Question

Cincinnati Incorporated (Cincinnati) manufactures a hydraulic press brake, a machine tool commonly used to shape sheet metal. The tool consists of a hydraulic ram that presses the metal and a die onto which the metal is pressed. The operator feeds sheet metal between the die and the ram, and the ram descends to bend the sheet metal. The press is operated by a foot pedal, known as a foot switch. As originally sold by Cincinnati, the press was equipped with a foot switch that had a front flap, or gate, to prevent accidental depression. The operator had to lift the gate with his foot to access the enclosed pedal. The press also came equipped with two foot switches, each of which had to be depressed simultaneously by two different operators in order to trigger the ram. When the press was first sold by Cincinnati 20 years ago to a company named Steelgard, the safety equipment was in place. The press had been sold several times to other companies before Ventaire, Inc. acquired it. Sometime between the press’s original sale and its sale to Ventaire, the original foot switches were removed and replaced with ones that did not have a gate. Also, one of the foot switches had been disabled so that the press could be operated with a single foot switch unprotected by any gate. The press still contained the original conspicuous signs that warned the operator not to place his or her hands in the press and that his or her fingers or hands could be crushed if he or she did so.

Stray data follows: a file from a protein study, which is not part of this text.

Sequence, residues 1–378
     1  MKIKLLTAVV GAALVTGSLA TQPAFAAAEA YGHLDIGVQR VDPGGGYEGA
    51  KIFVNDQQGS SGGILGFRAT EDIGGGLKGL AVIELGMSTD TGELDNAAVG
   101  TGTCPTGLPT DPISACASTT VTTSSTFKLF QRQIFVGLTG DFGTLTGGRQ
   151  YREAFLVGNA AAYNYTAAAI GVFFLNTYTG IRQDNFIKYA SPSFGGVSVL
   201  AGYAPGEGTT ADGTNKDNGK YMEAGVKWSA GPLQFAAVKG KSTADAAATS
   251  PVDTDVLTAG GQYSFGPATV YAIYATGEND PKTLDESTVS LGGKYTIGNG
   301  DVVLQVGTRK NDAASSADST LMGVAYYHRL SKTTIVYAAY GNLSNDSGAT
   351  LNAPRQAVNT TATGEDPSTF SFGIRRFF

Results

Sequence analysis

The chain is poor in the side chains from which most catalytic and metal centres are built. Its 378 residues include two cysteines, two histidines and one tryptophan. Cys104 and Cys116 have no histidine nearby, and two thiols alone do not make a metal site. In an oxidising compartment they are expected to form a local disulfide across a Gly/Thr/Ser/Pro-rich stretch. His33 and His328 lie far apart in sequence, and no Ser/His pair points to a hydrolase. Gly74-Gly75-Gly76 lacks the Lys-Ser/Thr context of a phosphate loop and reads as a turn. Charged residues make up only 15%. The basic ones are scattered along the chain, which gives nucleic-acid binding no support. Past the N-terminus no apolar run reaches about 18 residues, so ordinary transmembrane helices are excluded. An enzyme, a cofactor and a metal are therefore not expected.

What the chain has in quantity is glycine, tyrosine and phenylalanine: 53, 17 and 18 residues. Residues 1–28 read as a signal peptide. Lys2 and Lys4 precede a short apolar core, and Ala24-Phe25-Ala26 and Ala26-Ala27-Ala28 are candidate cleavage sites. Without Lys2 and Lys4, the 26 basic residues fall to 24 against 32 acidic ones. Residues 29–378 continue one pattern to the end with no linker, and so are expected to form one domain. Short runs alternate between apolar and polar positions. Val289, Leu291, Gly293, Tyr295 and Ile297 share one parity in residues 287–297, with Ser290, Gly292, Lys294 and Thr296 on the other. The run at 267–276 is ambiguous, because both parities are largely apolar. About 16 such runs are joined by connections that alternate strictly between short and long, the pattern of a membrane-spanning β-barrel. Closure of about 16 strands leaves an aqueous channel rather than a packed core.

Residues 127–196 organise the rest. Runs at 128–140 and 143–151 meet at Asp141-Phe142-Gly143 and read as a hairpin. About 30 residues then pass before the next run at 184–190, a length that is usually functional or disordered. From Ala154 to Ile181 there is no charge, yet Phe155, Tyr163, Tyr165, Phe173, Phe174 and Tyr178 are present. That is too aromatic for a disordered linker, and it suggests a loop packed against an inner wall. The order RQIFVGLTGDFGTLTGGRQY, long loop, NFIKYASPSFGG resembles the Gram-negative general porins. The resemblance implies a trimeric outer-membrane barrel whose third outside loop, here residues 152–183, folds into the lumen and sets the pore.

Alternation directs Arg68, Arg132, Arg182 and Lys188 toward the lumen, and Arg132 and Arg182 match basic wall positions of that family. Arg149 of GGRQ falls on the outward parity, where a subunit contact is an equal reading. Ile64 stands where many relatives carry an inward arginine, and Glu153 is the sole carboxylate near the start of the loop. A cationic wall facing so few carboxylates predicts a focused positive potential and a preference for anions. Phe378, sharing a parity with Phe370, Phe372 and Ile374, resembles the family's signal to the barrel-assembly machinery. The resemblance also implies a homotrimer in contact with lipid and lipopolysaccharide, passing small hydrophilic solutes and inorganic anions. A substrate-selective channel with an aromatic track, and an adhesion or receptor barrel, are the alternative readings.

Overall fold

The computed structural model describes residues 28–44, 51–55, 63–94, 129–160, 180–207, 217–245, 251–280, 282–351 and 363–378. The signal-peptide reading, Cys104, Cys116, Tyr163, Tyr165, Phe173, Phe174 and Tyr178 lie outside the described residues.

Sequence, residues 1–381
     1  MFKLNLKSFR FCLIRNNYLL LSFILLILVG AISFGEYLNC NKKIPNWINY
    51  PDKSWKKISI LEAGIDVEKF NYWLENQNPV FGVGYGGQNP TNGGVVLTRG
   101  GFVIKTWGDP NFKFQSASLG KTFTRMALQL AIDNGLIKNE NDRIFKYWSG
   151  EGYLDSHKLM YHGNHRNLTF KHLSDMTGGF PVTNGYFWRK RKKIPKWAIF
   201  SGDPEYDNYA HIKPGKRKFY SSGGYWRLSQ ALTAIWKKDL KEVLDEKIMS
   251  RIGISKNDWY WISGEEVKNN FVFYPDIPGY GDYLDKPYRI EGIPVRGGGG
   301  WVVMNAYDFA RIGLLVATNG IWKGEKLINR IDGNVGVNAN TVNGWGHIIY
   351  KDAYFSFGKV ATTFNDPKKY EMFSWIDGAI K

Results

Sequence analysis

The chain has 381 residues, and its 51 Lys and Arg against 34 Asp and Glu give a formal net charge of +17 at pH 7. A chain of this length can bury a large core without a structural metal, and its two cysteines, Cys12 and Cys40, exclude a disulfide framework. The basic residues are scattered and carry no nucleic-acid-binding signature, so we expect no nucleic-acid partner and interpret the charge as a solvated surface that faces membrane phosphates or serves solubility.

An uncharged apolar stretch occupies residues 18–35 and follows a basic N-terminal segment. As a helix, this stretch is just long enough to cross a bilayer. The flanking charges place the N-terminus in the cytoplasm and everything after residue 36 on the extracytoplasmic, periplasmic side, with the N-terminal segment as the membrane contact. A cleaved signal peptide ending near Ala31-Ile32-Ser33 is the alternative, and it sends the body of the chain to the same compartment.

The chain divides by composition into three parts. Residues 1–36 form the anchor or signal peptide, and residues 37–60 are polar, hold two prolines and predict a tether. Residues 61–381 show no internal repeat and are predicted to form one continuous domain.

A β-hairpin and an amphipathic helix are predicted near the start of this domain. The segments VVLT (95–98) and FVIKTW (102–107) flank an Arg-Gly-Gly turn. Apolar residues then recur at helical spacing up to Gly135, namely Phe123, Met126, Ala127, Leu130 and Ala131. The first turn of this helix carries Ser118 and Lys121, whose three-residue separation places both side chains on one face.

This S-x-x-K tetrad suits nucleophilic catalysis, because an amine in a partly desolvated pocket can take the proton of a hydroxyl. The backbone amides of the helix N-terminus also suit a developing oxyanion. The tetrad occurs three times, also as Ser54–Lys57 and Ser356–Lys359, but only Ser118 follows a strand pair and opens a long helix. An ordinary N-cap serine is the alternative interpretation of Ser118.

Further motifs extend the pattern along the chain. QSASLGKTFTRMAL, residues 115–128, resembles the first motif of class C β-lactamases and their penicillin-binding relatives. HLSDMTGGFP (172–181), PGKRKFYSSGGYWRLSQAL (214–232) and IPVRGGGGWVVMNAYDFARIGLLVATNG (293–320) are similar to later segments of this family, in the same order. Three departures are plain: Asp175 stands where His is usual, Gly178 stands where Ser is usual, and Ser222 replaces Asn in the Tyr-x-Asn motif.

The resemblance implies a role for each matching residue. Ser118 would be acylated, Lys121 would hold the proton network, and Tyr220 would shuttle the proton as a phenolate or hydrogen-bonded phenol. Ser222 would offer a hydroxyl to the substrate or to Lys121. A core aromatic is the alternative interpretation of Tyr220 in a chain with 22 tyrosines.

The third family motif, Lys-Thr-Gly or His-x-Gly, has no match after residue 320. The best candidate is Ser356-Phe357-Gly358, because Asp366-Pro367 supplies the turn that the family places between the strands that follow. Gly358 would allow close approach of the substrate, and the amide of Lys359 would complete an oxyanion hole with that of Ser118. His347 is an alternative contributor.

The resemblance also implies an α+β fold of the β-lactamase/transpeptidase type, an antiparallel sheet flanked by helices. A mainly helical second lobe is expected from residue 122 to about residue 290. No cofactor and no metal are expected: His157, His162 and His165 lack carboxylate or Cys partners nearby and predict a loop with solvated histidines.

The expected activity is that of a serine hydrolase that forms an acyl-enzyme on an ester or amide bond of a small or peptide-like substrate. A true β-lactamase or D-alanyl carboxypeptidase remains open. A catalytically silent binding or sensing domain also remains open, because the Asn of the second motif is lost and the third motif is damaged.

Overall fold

While Derek Braswell, an employee of Ventaire, was operating the press, Braswell reached into the die area with his right hand to remove a jammed piece of metal. While doing so, he accidentally stepped on the foot switch, triggering the ram’s descent and crushing his right arm, which was later amputated. Braswell filed a strict liability lawsuit against Cincinnati to recover damages for his injuries, alleging that Cincinnati’s press was designed defectively. In defense, Cincinnati asserted that the press was designed properly and equipped with safety features when the press was first sold, which would have prevented this type of accident, and that the removal and disabling of the safety features was a supervening event and that it is not responsible for plaintiff Braswell’s injuries. Is Cincinnati liable in strict liability for a design defect? Braswell v. Cincinnati Incorporated, 731 F. 3d 1081, 2013 U. S. App. Lexis 19451 (United States Court of Appeals for the Tenth Circuit, 2013)


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  • CreatedAugust 12, 2015
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